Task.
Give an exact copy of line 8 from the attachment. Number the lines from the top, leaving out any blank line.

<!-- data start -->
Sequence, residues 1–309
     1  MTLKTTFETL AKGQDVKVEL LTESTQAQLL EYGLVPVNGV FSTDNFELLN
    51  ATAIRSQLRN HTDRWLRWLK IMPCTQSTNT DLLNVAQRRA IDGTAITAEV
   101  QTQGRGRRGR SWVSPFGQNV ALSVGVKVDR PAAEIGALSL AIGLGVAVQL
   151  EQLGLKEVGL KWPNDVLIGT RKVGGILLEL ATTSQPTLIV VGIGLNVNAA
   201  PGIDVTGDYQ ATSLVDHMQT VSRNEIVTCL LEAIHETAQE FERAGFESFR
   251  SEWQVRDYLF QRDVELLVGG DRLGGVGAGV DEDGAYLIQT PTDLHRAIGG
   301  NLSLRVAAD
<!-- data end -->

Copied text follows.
   301  NLSLRVAAD